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How to allow clients to manage your no-code builds with Airtable Interfaces

I help a lot of people set up bases for their marketplaces or sometimes even for clients, and a question that keeps coming up is how can you allow your clients to safely manage their Airtable base without overwhelming them with the complex setup?

October 18, 2022

If you are building marketplaces or directories for clients using the Webflow and Airtable stack, then you might want to set up a system that allows your clients to safely manage their sites without you needing to give them access to any Airtable bases or the Webflow CMS.

The problem with clients editing in Airtable or Webflow directly

I help a lot of businesses set up directories and marketplaces, and one of the most common issues I have run into is that Airtable and Webflow can be really overwhelming to someone brand new to the tools.

Oftentimes, they don't want to become Airtable or Webflow experts, they simply want to know how they can create and update information on their site. Even, if you do manage to teach them certain aspects of these tools, you always run the risk that certain changes that someone inexperienced in Airtable or Webflow makes, can lead to breaking changes with your workflows.

The easiest way to manage that risk is to have control over what can and cannot be changed, by setting up Airtable interfaces.

The power of Airtable interfaces

Screenshot of Airtable Interface

Airtable interfaces are a way for you to create simple interfaces for your different records. Rather than displaying every field in your table, you can handpick what information can see in a particular view.

This makes working with Airtable significantly less overwhelming for your clients and you can ensure that they don't accidentally change things like views that might trigger workflows.

One big requirement for clients with no-code marketplaces, directories or sites that use multiple tools is to have control over creating and updating information on their website. Luckily Airtable Interfaces allows us to edit and create records via interfaces. All we need to do is to connect those actions to workflows inside of our preferred automation tools.

Goes without saying that if you prefer to run everything natively using Airtable scripts, you are more than welcome to.

How to run make.com workflows from the Airtable Interface

There are three steps involved with setting up your Airtable Interface workflows in make.com. First, we need to configure our Interface in a way that would be useful to our clients or team members.

Part 1: Configuring the interface designer

Screenshot of Airtable Interface in edit mode

Start by configuring your preferred layout and then connecting the table relevant to this interface. Once you have selected your table, you will be able to pull in whatever field you need in that table.

Once you you have added all the fields you want your client to see, you can take it a step further by making specific fields editable. You will see how the fields change as they are switched from view-only to editable.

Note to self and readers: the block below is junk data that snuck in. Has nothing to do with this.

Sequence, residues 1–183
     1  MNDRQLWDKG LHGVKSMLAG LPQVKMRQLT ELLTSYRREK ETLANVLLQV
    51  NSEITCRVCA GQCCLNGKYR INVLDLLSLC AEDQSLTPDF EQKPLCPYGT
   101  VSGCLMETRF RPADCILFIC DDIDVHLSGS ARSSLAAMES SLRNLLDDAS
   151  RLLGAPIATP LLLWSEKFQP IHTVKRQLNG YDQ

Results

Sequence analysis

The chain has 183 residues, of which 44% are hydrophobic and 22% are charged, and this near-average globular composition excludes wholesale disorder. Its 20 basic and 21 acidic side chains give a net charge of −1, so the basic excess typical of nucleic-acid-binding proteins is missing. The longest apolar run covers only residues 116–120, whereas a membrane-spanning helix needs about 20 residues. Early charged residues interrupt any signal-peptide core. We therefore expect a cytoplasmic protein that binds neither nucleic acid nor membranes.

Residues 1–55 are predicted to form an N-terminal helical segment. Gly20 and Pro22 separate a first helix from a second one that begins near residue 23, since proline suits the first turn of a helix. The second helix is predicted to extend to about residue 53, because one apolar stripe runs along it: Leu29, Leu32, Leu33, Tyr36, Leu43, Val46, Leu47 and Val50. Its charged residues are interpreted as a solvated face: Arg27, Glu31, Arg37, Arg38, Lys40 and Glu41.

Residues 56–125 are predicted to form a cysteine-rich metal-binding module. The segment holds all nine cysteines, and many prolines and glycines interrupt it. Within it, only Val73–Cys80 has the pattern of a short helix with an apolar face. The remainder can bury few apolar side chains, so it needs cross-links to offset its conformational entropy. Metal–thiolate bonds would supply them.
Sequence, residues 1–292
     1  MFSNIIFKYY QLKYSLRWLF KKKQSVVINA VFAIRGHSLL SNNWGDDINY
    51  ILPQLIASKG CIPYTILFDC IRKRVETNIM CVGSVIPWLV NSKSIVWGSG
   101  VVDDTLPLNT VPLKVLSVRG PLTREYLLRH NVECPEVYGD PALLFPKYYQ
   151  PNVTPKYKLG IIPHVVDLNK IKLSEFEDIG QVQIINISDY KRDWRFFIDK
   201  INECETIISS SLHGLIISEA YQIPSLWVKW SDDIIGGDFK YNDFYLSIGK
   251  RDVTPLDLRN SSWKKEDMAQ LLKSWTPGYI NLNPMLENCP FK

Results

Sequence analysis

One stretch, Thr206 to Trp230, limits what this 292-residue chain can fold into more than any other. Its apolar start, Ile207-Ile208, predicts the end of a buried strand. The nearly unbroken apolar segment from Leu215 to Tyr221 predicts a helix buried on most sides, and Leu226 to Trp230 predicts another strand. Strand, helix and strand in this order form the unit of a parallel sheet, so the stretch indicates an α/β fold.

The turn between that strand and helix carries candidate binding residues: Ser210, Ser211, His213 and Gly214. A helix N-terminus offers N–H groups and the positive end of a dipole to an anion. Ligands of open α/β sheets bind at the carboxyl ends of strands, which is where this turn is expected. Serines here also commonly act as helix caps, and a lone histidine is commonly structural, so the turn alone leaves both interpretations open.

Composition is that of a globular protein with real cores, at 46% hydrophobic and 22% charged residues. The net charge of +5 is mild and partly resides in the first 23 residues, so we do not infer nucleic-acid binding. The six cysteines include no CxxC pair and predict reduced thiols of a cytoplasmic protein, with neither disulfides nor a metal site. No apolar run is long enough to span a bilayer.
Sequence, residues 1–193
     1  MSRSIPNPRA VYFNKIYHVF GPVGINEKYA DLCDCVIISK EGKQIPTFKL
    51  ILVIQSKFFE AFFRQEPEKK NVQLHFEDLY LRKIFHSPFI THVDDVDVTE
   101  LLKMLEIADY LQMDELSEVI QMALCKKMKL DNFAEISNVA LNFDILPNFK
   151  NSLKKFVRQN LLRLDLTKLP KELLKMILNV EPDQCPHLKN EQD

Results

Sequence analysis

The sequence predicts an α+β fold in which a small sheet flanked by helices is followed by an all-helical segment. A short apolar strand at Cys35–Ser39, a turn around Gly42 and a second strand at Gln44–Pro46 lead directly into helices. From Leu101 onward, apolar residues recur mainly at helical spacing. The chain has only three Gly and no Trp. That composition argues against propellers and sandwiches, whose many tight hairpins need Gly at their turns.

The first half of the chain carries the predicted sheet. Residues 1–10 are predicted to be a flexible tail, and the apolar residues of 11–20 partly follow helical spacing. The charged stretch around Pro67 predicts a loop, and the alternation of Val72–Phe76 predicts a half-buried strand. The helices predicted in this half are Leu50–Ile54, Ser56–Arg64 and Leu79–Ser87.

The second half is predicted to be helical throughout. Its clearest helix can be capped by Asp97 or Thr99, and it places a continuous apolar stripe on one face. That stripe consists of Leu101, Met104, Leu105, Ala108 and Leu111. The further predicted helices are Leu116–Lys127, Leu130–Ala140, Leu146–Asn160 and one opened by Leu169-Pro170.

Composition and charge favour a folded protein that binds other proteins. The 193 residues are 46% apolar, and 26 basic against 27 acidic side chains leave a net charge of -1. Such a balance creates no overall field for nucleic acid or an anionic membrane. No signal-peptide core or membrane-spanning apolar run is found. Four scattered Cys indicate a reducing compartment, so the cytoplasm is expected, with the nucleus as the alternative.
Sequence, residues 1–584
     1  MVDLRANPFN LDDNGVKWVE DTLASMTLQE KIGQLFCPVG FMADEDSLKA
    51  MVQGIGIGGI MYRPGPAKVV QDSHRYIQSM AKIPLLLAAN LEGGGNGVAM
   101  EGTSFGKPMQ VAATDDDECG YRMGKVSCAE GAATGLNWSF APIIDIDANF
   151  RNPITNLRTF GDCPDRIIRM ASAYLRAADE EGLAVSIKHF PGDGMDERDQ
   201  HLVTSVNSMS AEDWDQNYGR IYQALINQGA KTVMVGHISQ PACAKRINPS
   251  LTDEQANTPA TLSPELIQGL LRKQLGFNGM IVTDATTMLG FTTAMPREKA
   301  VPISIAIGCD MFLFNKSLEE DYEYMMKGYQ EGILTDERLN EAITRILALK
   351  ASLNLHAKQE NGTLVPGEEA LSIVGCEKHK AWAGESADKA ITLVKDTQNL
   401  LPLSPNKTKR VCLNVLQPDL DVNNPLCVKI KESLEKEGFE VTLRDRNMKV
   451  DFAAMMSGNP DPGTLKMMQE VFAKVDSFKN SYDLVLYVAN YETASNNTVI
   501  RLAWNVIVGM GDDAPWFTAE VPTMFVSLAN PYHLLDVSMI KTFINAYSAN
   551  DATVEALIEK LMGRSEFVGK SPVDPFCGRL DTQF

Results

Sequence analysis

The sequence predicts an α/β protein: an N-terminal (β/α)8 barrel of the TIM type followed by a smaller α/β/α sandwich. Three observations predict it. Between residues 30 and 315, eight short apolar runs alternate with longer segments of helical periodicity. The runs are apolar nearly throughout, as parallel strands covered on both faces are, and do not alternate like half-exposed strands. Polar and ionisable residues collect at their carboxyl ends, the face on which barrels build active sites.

You might want to make some fields like the "Webflow ID" or "Slug" view only because we definitely don't want them making changes to those fields.

Once you have set up your interface, we want to add a button element that we can use trigger our Airtable Automation that will trigger our make.com workflow.

Simply add a new button element, create a new automation and configure your Airtable automation once redirected.

Part 2: Configure your workflows in Airtable automations

Airtable Automation with script action

Setting up your Airtable Automation is simple. Because you have configured this workflow from inside of your Interface your button field will already be defined as the trigger. Every time your client clicks the button in the interface, they will start this workflow. Now, as I said before, you want to run a workflow using scripts or some of Airtable's native automation steps, you are more than welcome to do so. Because my workflows typically involve multiple tools like Webflow, Memberstack and more, I just like to configure from inside of make.com.

In order for us to run our script in make.com, we will need to fire a webhook which what our script is for:

let record = input.config();

let webhook = '';

let urlParams = record.airtableID;

let call = await fetch (`${webhook}?recordID=${urlParams}`);

console.log (call);

Simply copy and paste the code snippet above into Airtable automations and modify the script by 1) adding your input.config function, which will be responsible for passing through your Airtable ID and 2) your webhook URL that you will receive when you create a webhook in make.com in the next step

Part 3: Configure your make.com automation

a make.com workflow

The most important part of setting up your make.com workflow is the trigger module, which is our webhook and our "Get a record" action which will retrieve all information from Airtable about the record that was triggered in the workflow.

Because, we are retrieving all Airtable values with our "Get a record" step, we don't actually need to pass through any additional variables with our webhook.

Once you have created your webhook URL, all that is left to do is to copy and paste the webhook URL into our script in step 2.

From here it is simply a matter of testing our workflow and configuring our workflow with whatever action steps we need.

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